Henri de Saint-Simon  

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Train wreck at Montparnasse (October 22, 1895) by Studio Lévy and Sons.
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Train wreck at Montparnasse (October 22, 1895) by Studio Lévy and Sons.
Saint-Simonianism

Claude Henri de Rouvroy, comte de Saint-Simon, often referred to as Henri de Saint-Simon (17 October 1760 – 19 May 1825) was a French early socialist theorist. He was born an aristocrat; the political ideologies he adopted in later life do not fall into the aristocratic category. Saint-Simon defied the formalities and conventions of his social class and fled to America to fight in the American Revolution when he was 16.

When he was nearly 40 he went through a varied course of study and experiment to enlarge and clarify his view of things. The result of his experiments was that he found himself completely impoverished, and lived in penury for the remainder of his life. His early writings were mostly scientific and political.

In opposition to the feudal and military system he advocated a form of state capitalist-technocratic socialism, an arrangement where industrial chiefs should control society. In place of the church, he felt the direction of society should fall to the men of science. Men who are fitted to organize society for productive labour are entitled to rule it.

Theory

In the school of Saint-Simon we find a great advance on the vague and confused views of the master. In the philosophy of history they recognize epochs of two kinds, the critical or negative and the organic or constructive. The former, in which philosophy is the dominating force, is characterized by war, egotism, and anarchy; the latter, which is controlled by religion, is marked by the spirit of obedience, devotion, and association. The two spirits of antagonism and association are the two great social principles, and on the degree of prevalence of the two depends the character of an epoch. The spirit of association, however, tends more and more to prevail over its opponent, extending from the family to the city, from the city to the nation, and from the nation to the federation. This principle of association is to be the keynote of the social development of the future. Under the present system the industrial chief exploits the proletariat, the members of which, though nominally free, must accept his terms under pain of starvation. The only remedy for this is the abolition of the law of inheritance, and the union of all the instruments of labour in a social fund, which shall be exploited by association. Society thus becomes sole proprietor, entrusting to social groups and social functionaries the management of the various properties. The right of succession is transferred from the family to the state.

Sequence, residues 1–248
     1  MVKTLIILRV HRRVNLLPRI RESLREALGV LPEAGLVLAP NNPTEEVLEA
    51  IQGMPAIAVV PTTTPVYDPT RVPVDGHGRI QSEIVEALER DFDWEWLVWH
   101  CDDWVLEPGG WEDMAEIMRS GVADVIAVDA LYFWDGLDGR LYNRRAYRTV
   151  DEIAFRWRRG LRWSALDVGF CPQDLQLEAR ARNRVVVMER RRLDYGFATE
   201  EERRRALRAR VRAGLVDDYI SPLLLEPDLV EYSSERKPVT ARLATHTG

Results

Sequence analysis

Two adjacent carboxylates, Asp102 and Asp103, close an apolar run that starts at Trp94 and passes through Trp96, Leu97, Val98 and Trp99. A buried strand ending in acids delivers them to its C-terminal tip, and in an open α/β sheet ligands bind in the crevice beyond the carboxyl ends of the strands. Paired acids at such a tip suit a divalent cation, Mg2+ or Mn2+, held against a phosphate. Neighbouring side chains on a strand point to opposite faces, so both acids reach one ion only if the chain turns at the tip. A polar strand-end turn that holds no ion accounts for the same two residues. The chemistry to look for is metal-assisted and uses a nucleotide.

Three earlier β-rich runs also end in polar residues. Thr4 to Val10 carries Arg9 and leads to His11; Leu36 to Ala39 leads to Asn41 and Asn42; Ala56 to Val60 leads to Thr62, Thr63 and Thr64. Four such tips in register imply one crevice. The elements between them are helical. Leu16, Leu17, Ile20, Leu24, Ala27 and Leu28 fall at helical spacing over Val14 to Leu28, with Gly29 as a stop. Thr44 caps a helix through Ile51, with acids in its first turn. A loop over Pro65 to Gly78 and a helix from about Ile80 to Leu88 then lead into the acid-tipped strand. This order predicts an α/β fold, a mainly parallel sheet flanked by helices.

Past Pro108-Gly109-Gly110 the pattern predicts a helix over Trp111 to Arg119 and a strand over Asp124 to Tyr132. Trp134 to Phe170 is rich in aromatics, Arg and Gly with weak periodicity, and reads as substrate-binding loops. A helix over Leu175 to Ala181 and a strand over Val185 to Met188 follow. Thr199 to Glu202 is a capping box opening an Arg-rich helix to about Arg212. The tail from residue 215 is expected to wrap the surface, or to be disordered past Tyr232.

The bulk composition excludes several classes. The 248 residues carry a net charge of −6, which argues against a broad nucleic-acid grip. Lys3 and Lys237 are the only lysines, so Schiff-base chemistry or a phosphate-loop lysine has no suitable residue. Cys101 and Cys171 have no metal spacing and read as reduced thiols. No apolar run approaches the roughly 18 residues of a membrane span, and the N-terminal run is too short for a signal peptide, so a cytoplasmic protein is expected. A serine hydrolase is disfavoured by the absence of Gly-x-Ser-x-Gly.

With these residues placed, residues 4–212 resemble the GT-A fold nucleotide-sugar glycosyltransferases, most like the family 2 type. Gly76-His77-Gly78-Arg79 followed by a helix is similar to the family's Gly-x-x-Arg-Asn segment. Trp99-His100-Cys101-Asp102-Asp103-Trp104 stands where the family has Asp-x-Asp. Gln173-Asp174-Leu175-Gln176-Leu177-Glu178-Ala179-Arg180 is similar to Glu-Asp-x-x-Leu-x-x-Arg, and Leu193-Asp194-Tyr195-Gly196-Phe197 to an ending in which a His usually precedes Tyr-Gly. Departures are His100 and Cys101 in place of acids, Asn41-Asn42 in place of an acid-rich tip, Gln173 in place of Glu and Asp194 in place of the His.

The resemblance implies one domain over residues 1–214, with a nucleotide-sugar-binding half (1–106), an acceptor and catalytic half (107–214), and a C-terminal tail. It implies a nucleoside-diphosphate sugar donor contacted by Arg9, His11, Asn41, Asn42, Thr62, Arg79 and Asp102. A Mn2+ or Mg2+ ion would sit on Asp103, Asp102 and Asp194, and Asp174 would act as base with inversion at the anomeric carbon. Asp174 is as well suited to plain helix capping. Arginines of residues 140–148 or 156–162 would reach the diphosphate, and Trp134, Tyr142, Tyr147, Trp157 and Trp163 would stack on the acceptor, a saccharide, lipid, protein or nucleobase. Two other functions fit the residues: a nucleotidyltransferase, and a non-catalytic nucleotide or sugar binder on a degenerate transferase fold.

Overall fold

The school of Saint-Simon insists strongly on the claims of merit; they advocate a social hierarchy in which each man shall be placed according to his capacity and rewarded according to his works. This is, indeed, a most special and pronounced feature of the Saint-Simon socialism, whose theory of government is a kind of spiritual or scientific autocracy. With regard to the family and the relation of the sexes the school of Saint-Simon advocated the complete emancipation of woman and her entire equality with man. The "social individual" is man and woman, who are associated in the exercise of the triple function of religion, the state and the family. In its official declarations the school maintained the sanctity of the Christian law of marriage. Connected with these doctrines was their famous theory of the "rehabilitation of the flesh," deduced from the philosophic theory of the school, which was a species of Pantheism, though they repudiated the name. In this theory they rejected the dualism so much emphasized by Catholic Christianity in its penances and mortifications, and held that the body should be restored to its due place of honour. It was a vague principle open to varying interpretations by Saint-Simon's followers. Enfantin's interpretation would have been considered highly immoral at the time: it was a kind of sensual mysticism, a system of free love with a religious sanction.




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